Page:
NDP could double seat count in B.C.: political expert
Michelle Zilio, CTVNews.ca
Published Thursday, August 20, 2015 6:47PM EDT
The Conservatives are facing a real threat from the NDP in British Columbia, according to a politics expert who says the New Democrats could double their seat presence in the province this election.
University of British Columbia political science professor Richard Johnston told CTV’s Power Play on Thursday that the Conservatives could lose some seats on B.C.’s coast when Canadians head to the polls on Oct. 19.
“They’re (the Conservatives) kind of retreating to their strongholds in the interior and the north, away from the coast,” said Johnston.
And he says the NDP stands to gain from that loss.
“Historically, this has been one of the strongest NDP provinces in the country. They had a majority of the seats as recently as the ‘80s. And it looks like they’re going to do that again. They could come close to doubling their seat total.”
Johnston said there are two main problems for the Conservatives in B.C. First off, he said Vancouver is “at war” with Ottawa over criminal justice issues such as the Insite supervised injections locations in Vancouver. He also pointed to environmental concerns, such as tanker traffic, cutbacks to the Coast Guard and the concerns posed by Kinder Morgan’s Trans Mountain pipeline expansion.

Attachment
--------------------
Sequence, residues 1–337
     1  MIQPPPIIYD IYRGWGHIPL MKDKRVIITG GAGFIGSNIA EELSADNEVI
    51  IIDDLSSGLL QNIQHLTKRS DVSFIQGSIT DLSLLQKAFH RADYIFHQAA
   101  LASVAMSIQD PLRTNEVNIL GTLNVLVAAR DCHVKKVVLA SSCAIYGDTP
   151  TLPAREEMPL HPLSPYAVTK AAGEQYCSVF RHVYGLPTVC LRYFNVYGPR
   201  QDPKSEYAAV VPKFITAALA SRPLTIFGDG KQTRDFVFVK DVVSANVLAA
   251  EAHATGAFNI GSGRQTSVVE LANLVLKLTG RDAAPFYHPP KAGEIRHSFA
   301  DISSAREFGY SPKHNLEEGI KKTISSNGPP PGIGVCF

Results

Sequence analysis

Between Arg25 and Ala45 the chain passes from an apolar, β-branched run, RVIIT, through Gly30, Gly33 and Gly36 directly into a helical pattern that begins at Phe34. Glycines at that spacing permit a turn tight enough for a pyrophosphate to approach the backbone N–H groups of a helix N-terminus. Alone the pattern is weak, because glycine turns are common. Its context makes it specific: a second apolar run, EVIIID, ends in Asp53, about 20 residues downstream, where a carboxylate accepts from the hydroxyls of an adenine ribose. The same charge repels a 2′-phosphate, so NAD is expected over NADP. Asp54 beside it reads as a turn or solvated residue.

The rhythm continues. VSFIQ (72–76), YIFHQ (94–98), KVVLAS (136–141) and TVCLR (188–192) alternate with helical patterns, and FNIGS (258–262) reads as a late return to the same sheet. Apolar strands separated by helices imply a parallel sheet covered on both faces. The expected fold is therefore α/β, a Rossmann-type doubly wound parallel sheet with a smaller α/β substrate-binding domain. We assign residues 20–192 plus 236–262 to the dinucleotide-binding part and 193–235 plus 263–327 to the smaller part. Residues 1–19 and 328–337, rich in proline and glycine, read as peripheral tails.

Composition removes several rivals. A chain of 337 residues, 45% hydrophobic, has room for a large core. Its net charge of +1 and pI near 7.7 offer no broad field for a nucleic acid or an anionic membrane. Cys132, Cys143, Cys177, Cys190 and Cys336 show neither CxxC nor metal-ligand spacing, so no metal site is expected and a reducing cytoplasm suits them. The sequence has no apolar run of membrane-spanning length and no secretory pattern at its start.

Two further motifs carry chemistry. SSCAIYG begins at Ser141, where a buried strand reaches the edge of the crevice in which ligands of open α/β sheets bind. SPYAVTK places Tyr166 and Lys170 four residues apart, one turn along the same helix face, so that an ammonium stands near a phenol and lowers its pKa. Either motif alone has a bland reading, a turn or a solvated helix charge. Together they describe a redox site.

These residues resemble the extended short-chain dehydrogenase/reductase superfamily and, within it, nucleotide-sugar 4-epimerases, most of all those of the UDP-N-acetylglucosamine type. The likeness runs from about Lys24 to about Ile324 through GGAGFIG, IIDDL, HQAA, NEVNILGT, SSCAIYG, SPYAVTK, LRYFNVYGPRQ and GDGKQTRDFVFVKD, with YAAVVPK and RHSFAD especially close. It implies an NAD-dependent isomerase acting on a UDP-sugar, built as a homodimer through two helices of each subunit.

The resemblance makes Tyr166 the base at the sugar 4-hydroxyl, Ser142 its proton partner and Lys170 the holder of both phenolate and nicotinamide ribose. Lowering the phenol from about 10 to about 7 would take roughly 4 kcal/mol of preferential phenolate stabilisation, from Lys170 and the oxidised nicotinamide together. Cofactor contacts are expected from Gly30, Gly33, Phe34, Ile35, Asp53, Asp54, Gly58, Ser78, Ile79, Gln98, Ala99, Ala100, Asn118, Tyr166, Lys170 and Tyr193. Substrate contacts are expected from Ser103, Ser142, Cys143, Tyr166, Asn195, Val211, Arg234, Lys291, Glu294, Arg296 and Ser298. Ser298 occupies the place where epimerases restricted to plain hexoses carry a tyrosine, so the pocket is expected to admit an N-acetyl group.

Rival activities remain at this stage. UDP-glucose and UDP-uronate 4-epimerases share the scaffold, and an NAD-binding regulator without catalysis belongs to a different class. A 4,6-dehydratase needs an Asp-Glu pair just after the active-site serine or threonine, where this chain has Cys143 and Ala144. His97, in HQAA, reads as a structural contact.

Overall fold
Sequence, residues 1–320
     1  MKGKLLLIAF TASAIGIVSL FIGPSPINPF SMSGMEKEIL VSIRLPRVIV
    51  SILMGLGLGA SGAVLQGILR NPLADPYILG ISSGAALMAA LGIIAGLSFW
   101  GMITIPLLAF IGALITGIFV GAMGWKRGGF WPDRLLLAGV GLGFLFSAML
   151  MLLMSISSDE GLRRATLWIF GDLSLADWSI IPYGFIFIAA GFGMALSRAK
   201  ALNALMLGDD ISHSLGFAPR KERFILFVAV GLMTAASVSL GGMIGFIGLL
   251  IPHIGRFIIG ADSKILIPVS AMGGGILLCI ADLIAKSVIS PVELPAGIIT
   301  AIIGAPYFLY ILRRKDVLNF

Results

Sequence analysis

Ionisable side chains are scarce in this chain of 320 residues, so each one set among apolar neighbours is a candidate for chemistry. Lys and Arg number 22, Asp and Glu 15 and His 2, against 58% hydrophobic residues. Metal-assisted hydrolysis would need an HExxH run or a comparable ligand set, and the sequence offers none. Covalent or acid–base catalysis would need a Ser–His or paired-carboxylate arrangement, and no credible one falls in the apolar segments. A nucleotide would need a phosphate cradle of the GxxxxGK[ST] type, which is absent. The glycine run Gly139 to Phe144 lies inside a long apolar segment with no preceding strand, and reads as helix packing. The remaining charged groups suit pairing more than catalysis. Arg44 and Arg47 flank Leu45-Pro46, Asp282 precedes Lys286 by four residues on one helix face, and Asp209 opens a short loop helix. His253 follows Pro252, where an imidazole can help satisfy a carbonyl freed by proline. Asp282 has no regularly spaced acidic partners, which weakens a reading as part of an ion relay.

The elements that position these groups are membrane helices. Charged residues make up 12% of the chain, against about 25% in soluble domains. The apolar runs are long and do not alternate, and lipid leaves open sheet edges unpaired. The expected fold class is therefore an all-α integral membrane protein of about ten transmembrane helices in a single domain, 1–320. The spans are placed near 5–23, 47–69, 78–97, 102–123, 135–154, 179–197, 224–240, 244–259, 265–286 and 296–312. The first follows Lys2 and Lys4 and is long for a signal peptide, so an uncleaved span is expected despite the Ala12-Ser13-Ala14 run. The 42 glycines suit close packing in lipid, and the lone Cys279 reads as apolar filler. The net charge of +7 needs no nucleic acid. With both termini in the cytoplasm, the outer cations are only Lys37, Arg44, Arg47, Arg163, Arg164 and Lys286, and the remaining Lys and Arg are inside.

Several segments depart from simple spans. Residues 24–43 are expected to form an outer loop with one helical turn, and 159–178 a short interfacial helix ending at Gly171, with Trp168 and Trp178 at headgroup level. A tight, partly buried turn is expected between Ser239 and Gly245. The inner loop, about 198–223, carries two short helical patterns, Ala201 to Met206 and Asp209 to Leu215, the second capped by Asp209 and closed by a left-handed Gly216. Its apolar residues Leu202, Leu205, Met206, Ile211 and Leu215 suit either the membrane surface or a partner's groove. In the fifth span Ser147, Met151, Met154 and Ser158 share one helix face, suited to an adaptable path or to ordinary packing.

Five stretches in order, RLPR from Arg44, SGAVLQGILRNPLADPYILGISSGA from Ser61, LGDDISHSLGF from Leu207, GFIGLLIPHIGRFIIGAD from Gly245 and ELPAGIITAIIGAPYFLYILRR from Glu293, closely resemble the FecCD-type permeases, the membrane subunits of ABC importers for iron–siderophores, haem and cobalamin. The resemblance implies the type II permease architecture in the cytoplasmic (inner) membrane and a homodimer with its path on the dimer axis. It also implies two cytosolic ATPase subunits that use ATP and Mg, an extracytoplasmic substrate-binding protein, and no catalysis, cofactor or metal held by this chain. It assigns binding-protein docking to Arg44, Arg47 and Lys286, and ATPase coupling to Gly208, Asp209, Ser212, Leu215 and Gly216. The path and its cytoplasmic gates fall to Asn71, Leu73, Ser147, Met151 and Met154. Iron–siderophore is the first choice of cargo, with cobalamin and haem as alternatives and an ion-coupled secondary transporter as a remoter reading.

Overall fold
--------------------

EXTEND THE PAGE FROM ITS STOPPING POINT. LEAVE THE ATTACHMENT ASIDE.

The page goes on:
And with Harper’s popularity “at a low” in B.C. compared to the rest of the country, Johnston says the Duffy trial isn’t helping the Conservative leader’s brand either.
“It’s not good news for the prime minister.”
The Tories currently hold the majority of federal seats in B.C., with 20 Conservative Party seats. The NDP holds 12, while the Liberals have two and the Green Party has one.
While there has been lots of chatter about the challenge the Green Party may pose to the NDP in B.C., Johnston says he’s skeptical the Greens will see a breakthrough this election.
“Personally, I’m skeptical. I think that in B.C., as in Quebec, the emphasis is on polarization and doing what is necessary to defeat Mr. Harper,” said Johnston. “He is as unpopular here as in Quebec.”